North India and the politics of smog

Eurasia Live
14 November 2017
Delhi smog Raisina Hill, seat of government, New Delhi. The ceremonial president's residence is barely visible in the smog. /Sasha Riser-Kositsky
Slow winter winds and farmers burning off crop stubble ahead of a fresh planting season have spiked pollution levels in New Delhi to severely unhealthy levels (across parts of Pakistan and much of North India too, though that's less widely reported). When I visited Delhi last week for an investment conference, I was inhaling the equivalent of 44 cigarettes a day. Last winter was just as bad. All told, some 2.5 million Indians are estimated to die prematurely each year due to pollution.
Although outcry is growing, particularly among educated elites, the government response has been—and will likely continue to be—lackluster despite the costs associated with these record-setting pollution levels. Many schools were closed for several days last week and more closures are possible, construction work slowed, and trains and flights were delayed. Due to low visibility, my own departing flight sat on the tarmac for an hour before being allowed to take off.
The problem is a political one. The local Delhi government has no authority to enforce restrictions on crop stubble burning in neighboring agrarian states. Those state governments, meanwhile, refuse to take action out of fear of alienating farmers that make up a substantial proportion of voters. India's central government also seems uninterested in coordinating action; Delhi and many of the surrounding states are led by opposition parties that clash with the nationally-ruling Bharatiya Janata Party (BJP) almost as much as they do each other. The BJP is facing another round of state elections elsewhere in the country and is wary of any move that could be construed as sacrificing farmers' interests in favor of wealthier urbanites.
Instead, India's highly independent and activist judiciary is likely to step in to fill the governance void, just as it has in past winters when air quality has deteriorated. But while judges can verbally berate and order government officials to take action, judicial diktats do not assure that smog-fighting measures such as restricting driving, temporarily closing local coal-fired power plants, and punishing crop stubble burning, are actually undertaken in a sustained manner.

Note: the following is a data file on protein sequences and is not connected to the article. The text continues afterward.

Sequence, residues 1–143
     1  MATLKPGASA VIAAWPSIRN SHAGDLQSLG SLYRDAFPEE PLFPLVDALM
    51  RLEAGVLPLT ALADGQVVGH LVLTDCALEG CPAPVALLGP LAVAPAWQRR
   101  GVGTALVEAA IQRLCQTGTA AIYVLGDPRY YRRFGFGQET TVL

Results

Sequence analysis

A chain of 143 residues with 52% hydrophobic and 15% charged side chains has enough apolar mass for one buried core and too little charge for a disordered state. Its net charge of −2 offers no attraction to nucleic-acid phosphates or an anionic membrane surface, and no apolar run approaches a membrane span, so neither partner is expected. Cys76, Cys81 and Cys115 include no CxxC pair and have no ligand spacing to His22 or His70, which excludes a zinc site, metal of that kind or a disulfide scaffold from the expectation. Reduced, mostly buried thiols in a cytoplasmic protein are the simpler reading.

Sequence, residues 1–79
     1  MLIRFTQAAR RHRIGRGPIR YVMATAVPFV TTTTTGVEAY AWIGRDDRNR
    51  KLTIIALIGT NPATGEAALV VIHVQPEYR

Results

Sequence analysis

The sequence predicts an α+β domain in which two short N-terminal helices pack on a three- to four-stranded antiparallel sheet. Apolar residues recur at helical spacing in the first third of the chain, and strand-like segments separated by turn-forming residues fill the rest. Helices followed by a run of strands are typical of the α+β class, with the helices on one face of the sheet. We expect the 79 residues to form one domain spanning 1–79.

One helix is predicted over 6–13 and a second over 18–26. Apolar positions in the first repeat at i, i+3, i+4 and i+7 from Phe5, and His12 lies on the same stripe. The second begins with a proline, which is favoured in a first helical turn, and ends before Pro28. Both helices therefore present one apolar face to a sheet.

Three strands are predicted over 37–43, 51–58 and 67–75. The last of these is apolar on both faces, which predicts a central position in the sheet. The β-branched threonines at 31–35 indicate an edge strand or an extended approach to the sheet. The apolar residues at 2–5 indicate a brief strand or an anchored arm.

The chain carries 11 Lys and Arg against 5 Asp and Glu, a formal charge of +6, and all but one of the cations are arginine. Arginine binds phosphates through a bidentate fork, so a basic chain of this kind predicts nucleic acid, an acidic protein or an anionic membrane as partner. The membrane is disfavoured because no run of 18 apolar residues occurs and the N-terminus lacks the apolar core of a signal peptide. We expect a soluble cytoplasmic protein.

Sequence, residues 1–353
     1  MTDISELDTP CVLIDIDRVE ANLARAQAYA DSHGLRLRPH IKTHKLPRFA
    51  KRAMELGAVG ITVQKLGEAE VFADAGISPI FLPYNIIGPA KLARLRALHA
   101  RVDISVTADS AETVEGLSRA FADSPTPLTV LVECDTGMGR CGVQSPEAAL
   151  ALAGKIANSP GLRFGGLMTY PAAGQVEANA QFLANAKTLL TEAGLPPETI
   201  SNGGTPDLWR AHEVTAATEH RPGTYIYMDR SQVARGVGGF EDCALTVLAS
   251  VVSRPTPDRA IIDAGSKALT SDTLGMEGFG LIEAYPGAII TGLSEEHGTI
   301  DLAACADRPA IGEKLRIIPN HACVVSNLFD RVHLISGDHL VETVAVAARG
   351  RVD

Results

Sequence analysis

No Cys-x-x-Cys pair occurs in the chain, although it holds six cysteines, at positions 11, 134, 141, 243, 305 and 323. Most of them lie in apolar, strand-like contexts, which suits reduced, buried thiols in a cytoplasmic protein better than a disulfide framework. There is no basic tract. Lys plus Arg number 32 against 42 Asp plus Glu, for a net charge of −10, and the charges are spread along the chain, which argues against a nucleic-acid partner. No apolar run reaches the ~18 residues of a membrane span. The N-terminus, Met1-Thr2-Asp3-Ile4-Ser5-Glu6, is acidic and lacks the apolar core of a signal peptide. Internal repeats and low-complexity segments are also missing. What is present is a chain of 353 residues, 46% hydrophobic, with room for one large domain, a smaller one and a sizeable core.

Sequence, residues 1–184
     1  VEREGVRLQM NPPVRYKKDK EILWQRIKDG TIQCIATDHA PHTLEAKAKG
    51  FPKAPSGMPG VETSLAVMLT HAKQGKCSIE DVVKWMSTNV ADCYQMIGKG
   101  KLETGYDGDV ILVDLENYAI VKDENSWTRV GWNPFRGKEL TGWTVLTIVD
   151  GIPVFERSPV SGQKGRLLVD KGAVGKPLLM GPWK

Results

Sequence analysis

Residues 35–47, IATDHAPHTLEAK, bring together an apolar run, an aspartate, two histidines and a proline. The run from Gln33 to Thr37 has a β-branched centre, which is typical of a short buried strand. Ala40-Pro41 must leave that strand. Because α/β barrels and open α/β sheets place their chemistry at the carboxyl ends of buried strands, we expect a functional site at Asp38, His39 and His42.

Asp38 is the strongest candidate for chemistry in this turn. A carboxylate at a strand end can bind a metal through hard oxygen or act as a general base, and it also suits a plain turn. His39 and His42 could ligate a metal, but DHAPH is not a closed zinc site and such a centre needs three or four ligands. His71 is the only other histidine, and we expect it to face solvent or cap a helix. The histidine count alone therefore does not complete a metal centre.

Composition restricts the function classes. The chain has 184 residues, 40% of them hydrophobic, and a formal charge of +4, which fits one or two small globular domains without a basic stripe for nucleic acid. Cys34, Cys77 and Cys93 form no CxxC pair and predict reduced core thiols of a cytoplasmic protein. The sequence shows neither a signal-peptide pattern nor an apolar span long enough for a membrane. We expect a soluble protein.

In order to ensure that next winter (and the one after and the one after that) does not again bring with it debilitating smog, state governments, the local Delhi government, and the central government will have to work together. Farmers need economical alternatives to remove crop stubble from their fields (some level of subsidy is probably required), Indian cities need better public transportation options (especially bus networks) to curb the unsustainable growth of personal vehicle use, older more-polluting vehicles (especially trucks) need to be taken off the road, and older more-polluting urban power plants need to be permanently closed.
The ruling BJP has already shown its commitment to improving Indian quality of life through a massive sanitation project aiming to bring toilets to 60 million homes by 2019. Now, though, it's time to look to the sky – and address the public health crisis in the air.
LOUD WORLD. CLEAR SIGNAL. Signal is a newsletter on international affairs produced by GZERO Media three times a week. No jargon, no nonsense, no noise. Signal is a product of GZERO Media, a Eurasia Group company.
Sasha Riser-Kositsky monitors political and economic trends and developments in India, Sri Lanka, and Bangladesh.